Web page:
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  • Writer's pictureImmersed in Christ

Relax: God is in Control.

Saturday, July 15, 2023

by Fr. David M. Knight


View readings for Saturday, Week 14 of Ordinary Time (A1): https://bible.usccb.org/bible/readings

July 15 is the feast of St. Bonaventure - which really means "good fortune," but in its feminine form "Bonnie" means "pretty" from the Scots. You can take your choice.

Bonaventure was a 13th century Franciscan (1221-1274), a bishop and a great theologian -- in fact, a doctor of the Church. He taught at the University of Paris and took part in the Second Council of Lyons, during which he died.


We can feel a special bond with Bonaventure, since we also have experience of a Council of the Church (Vatican II), and a lot of Catholics "died" to the Church in its aftermath. All changes are threatening, and every time the Church takes the risk of changing anything -- even to improve things, or because we have come to understand Christ's teachings better and have no choice -- some people are going to be offended. To make it worse, no one, including this Church of sinful Saints, every does anything perfectly, so a lot of people get hurt by changes unnecessarily -- just because they were not explained well or implemented with balance and thoughtfulness. We need to accept one another with all our faults and pray for those we have wounded and who have wounded us.



Reflection for the readings of the day:

Saturday, Week 14 Ordinary Time (A1) LECTIONARY 388 (Gn 49: 29-32, and 50: 15-26a;Ps 105: 1-2, 3-4, 6-7; Mt 10: 24-33) The Responsorial (Psalm 105) declares: “Turn to the Lord in your need and you will live.” In Genesis 49:29 to 50:26 we see that what helps Joseph forgive his brothers is his awareness that God has used their sin against him to accomplish his purposes: “Even though you meant harm to me, God meant it for good, to achieve his present end, the survival of many people.” No matter what happens to us, we have to remember that what people do is never the last word. God is always in control. He does not want people to sin, and he does not want anyone to suffer. But as long as he respects people’s freedom, some will sin. And their sins will cause others to suffer. In this, yes, God has given away some of his power. Once he created another being with free will, his own will was no longer absolute in the universe. When we say, “Thy will be done on earth as it is in heaven,” this is a prayer, not a presumption. It will happen eventually, but we can’t say when. Ultimately, however, God is in control. The reign of God will be established. And universal, mutual forgiveness is one of its constitutive elements: “Forgive us our offenses, while we forgive one another.” God will accomplish his plan even by turning evil into good, as he did with the sin of Joseph’s brothers. Knowing this helps us to forgive. We know that, whatever people do — even if they kill us! — God will take care of us: “Turn to the Lord in your need and you will live.” The story also shows us the form forgiveness takes: Joseph says to his brothers, “Have no fear. I will provide for you and for your children.” To forgive is to love. To love is to minister. Forgiveness consists, not in feeling reconciled with others, but in choosing to help them. In Matthew 10: 24-33 Jesus applies the same principle to fear. “Do not fear those who kill the body but cannot kill the soul…. Not a single sparrow falls to the ground without your Father’s consent…. So do not be afraid of anything. You are worth more than an entire flock of sparrows!” This motivates us when we are afraid to give expression to our faith, hope and love. Self-exposure makes us vulnerable. It is a risk to reveal our hearts. But Jesus says, “Do not be afraid. Everyone who acknowledges me before others, I will acknowledge before my Father in heaven.” We look not to the immediate reality of people’s reaction on earth, but to the ultimate reality of God’s response to us in heaven. In the light of that response, we have nothing to fear from anyone: “Turn to the Lord in your need and you will live.”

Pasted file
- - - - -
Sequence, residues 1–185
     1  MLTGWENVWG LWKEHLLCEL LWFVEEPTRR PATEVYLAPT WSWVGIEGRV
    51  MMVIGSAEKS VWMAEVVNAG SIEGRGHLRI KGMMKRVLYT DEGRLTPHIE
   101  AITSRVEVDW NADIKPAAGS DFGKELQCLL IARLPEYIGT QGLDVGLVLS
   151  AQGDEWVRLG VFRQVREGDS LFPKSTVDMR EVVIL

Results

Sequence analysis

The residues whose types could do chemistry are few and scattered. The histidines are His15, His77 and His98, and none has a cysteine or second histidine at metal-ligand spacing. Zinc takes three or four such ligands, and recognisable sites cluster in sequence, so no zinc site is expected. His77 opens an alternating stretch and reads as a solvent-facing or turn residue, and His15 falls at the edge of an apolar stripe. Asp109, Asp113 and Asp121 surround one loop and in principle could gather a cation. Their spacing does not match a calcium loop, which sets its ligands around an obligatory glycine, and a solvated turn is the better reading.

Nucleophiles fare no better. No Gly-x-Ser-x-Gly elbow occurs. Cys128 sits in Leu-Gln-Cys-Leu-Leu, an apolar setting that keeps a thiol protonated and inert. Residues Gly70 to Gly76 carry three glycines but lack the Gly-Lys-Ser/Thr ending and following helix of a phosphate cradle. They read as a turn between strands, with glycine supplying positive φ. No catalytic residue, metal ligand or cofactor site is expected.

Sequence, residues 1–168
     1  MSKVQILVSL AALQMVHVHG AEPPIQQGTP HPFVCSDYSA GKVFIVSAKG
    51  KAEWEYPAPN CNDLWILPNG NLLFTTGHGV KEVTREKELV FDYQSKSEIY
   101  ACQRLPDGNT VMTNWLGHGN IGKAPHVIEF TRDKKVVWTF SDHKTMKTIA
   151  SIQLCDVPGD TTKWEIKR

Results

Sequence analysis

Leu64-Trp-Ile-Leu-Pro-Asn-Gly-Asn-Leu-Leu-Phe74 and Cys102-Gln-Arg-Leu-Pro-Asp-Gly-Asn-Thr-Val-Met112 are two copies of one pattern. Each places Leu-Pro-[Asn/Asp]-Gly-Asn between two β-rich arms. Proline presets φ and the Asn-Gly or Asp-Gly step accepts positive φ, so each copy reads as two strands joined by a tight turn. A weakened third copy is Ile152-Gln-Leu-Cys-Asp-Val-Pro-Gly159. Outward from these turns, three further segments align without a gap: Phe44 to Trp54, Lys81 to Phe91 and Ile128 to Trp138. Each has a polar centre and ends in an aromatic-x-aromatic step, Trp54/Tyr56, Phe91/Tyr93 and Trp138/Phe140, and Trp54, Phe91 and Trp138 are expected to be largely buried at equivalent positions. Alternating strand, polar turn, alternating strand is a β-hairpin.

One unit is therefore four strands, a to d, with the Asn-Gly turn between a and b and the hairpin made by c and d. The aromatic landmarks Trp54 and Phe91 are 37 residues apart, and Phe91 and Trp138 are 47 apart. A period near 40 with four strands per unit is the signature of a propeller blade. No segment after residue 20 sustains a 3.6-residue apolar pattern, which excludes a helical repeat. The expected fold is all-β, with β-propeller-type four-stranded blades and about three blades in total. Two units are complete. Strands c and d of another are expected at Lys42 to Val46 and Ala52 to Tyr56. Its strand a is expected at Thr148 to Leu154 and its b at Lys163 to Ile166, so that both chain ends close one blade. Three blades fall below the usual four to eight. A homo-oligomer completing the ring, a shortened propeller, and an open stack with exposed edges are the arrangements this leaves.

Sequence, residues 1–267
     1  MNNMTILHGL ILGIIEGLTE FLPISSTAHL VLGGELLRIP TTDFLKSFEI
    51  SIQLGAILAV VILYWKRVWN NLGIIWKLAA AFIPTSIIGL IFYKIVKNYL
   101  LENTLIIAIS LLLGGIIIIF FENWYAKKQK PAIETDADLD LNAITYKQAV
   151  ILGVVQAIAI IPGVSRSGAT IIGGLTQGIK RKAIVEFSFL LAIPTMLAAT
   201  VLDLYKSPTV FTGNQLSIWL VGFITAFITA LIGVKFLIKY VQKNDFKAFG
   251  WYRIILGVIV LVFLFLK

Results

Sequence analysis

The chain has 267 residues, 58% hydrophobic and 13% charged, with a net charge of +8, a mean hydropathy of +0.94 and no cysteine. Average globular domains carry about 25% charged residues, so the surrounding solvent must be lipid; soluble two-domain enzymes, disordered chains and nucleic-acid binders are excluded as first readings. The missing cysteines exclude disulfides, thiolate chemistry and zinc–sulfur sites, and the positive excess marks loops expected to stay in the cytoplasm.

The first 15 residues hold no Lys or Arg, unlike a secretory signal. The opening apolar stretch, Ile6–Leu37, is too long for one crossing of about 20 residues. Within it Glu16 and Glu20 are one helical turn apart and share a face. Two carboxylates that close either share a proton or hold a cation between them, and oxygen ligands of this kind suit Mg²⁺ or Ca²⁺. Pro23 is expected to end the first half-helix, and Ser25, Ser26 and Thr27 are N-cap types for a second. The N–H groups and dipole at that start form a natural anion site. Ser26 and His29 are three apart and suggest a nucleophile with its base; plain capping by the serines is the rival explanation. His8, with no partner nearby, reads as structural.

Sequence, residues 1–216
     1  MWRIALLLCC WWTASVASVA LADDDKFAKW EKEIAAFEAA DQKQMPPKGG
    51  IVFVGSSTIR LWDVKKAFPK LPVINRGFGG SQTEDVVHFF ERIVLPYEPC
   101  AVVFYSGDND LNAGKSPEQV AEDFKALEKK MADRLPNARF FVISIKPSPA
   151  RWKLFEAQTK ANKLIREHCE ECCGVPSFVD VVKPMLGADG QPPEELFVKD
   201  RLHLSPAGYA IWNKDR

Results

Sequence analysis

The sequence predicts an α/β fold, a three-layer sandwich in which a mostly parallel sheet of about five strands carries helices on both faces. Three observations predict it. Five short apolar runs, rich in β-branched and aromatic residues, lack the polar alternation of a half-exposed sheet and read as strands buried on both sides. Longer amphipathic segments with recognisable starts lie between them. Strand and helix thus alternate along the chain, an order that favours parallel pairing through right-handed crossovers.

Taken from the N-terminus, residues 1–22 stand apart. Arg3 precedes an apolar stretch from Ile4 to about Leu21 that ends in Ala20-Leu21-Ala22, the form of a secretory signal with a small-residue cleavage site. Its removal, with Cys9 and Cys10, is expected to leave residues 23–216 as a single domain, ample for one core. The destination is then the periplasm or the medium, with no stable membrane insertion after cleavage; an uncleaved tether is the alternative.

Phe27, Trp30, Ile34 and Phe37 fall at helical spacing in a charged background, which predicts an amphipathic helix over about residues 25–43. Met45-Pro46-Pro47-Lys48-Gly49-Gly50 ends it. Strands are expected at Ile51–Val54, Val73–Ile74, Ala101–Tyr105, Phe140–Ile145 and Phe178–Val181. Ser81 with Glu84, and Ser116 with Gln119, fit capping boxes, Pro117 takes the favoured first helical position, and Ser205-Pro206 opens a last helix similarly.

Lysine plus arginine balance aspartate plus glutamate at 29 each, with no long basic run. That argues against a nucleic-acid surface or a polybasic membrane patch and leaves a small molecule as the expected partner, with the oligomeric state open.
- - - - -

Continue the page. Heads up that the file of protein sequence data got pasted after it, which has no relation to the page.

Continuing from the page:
Initiative: Be a priest. Look to God beyond what is apparent on earth.



Reflections brought to you by the Immersed in Christ Ministry

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